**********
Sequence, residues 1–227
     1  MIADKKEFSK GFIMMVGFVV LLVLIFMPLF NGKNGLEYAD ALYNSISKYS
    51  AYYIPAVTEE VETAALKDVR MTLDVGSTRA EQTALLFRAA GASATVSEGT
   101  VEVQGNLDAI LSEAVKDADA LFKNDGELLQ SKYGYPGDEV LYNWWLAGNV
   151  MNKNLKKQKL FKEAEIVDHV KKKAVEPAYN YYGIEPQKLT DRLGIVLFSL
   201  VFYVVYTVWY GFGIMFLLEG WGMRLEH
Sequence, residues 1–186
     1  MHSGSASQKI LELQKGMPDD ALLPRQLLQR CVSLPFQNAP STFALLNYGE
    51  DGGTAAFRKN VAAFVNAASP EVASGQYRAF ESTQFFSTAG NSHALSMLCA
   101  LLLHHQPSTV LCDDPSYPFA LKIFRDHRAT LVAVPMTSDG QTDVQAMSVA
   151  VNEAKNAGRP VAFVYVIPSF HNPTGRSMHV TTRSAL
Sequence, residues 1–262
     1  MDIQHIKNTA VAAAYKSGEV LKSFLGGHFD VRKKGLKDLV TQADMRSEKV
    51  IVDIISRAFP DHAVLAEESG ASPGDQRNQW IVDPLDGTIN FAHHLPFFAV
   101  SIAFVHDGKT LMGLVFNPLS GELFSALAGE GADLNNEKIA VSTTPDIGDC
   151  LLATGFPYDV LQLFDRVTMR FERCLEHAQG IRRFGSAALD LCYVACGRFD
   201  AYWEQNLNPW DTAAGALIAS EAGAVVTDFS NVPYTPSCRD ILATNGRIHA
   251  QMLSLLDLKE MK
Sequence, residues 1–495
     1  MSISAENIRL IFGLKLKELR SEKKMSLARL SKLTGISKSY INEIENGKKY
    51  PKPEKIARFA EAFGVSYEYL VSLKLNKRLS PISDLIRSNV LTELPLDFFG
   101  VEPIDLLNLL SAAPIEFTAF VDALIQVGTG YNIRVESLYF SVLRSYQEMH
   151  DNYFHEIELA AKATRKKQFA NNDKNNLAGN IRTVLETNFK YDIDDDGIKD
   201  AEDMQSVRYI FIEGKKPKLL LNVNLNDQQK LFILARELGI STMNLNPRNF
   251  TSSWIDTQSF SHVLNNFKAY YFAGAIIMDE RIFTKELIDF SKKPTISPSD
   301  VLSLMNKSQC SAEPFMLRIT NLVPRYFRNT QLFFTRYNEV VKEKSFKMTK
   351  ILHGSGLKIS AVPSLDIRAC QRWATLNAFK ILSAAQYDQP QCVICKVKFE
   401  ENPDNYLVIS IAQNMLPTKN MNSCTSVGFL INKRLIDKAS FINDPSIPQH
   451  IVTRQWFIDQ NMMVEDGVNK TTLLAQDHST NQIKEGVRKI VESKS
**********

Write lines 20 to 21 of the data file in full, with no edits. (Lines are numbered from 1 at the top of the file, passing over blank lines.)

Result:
     1  MSISAENIRL IFGLKLKELR SEKKMSLARL SKLTGISKSY INEIENGKKY
    51  PKPEKIARFA EAFGVSYEYL VSLKLNKRLS PISDLIRSNV LTELPLDFFG